Loblaw Companies Limited (TSX:L) is one of the largest, well-known companies in the country. The company owns a massive portfolio of some 20 brands that are scattered across the country in the form of grocery stores, pharmacies, merchandise, and financial service providers.
Essentially, Loblaw is all around us and, as an investor, this is a great thing as it shows the true power of the Loblaw brand.
One thing that has always impressed me about Loblaw is its continuing drive to improve. The company is a market leader on many fronts and could arguably rest on it its laurels and watch revenues come in. Instead, the company is embracing technology, investing in new stores, and continuously striving for better results and improvements.
Here’s a look at what Loblaw is currently working on and why this matters to investors.
A massive store expansion is on the way
Loblaw announced this week that it will be spending $1.3 billion during 2016 on the retail side of the operation. In terms of what that investment includes, 50 new stores and renovations for 150 existing stores are planned.
Of the total cost, Loblaw will be investing nearly $1 billion for the expansion; $300 million is being invested by Choice Properties REIT, which specializes in development of grocery-specific shopping centres.
In July of last year Loblaw announced that it would be closing 52 unprofitable stores over the course of 2016. While it’s unclear if this latest announcement overturns that decision, the fact that the company is investing in new and upgraded retail locations is extremely encouraging.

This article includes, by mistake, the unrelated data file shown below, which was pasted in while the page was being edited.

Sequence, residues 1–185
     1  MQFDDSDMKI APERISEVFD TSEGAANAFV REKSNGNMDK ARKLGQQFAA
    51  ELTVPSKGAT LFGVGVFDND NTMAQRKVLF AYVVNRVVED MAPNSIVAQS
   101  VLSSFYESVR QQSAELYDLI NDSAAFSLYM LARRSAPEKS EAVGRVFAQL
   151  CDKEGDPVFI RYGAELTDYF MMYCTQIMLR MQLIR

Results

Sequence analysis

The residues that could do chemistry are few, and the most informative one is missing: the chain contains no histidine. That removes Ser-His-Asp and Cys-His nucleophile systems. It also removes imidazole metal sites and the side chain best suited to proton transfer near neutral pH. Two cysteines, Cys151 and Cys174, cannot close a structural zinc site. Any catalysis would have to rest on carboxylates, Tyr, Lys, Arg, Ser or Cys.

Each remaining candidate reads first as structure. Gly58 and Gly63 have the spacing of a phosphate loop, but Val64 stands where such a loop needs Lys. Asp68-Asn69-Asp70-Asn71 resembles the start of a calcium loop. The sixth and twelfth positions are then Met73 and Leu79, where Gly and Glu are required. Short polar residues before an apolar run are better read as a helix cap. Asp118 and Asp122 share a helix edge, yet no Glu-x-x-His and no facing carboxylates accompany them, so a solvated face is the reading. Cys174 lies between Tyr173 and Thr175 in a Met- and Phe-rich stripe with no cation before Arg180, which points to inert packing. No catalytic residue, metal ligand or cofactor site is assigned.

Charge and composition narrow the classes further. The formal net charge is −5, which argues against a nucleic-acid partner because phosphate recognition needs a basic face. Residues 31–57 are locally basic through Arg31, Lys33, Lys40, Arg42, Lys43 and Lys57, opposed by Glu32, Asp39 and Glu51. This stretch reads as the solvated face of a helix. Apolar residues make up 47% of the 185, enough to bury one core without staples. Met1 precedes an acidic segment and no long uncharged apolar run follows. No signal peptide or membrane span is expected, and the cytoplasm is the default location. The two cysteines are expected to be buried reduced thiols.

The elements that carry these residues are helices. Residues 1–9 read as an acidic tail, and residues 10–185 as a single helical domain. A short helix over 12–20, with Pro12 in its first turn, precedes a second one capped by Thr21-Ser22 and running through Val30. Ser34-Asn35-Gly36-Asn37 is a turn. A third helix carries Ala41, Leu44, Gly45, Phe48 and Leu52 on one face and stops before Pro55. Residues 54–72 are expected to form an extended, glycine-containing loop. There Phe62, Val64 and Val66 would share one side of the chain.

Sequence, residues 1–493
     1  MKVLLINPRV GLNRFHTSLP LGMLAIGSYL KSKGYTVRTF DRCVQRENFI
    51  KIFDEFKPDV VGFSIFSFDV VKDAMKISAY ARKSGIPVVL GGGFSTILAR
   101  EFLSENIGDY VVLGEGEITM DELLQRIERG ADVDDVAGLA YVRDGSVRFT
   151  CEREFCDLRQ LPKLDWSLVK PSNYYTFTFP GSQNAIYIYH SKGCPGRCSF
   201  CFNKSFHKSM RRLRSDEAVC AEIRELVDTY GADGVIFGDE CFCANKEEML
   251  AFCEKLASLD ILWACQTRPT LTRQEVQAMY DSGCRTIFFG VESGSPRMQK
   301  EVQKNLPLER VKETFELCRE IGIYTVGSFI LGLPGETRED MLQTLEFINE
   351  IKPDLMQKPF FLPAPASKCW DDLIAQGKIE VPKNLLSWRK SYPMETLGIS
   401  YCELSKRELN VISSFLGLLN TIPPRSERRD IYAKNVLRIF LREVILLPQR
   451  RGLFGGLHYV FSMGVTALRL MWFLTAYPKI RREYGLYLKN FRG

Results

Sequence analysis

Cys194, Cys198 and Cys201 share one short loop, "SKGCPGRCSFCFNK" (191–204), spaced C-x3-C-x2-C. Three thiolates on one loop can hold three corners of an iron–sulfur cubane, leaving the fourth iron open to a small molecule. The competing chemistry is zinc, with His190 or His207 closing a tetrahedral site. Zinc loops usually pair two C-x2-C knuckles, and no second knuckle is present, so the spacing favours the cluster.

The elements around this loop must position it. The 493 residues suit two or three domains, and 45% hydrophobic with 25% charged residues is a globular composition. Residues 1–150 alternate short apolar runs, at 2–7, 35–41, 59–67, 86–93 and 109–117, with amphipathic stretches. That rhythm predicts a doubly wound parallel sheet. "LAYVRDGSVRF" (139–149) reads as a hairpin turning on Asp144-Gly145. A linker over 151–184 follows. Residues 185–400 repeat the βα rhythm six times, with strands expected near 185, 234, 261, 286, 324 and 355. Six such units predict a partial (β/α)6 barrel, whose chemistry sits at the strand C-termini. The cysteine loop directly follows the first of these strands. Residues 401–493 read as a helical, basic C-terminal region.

Loblaw noted that the investment will add nearly 20,000 jobs between the new staffing and construction crews needed.
E-Commerce is getting an update
As part of the announcement, Loblaw noted in passing that the investment would also include an expansion over IT infrastructure and increased e-commerce.
This is one part of the announcement that I find particularly interesting. Retailers have long struggled with trying to merge the brick-and-mortar model of retail with the online world of click and ship. While some aspects of the economy have bridged this gap, pharmacies and grocery stores, which are Loblaw’s core, are still working on this transition.
The company’s attempt at the “Click and Collect” service, whereby shoppers place their order online and have it waiting for them when they arrive at the store, was largely successful, so an expansion of this service to a wider network (as well as rolling the service out to the Shoppers brand) is likely part of this investment.
In my opinion, Loblaw remains one of the better options on the market for investors looking to diversify into the consumer staples segment. The company is one of the most well-respected brands in the country and has both the coverage, results, and growth mindset to keep investors happy over the long term.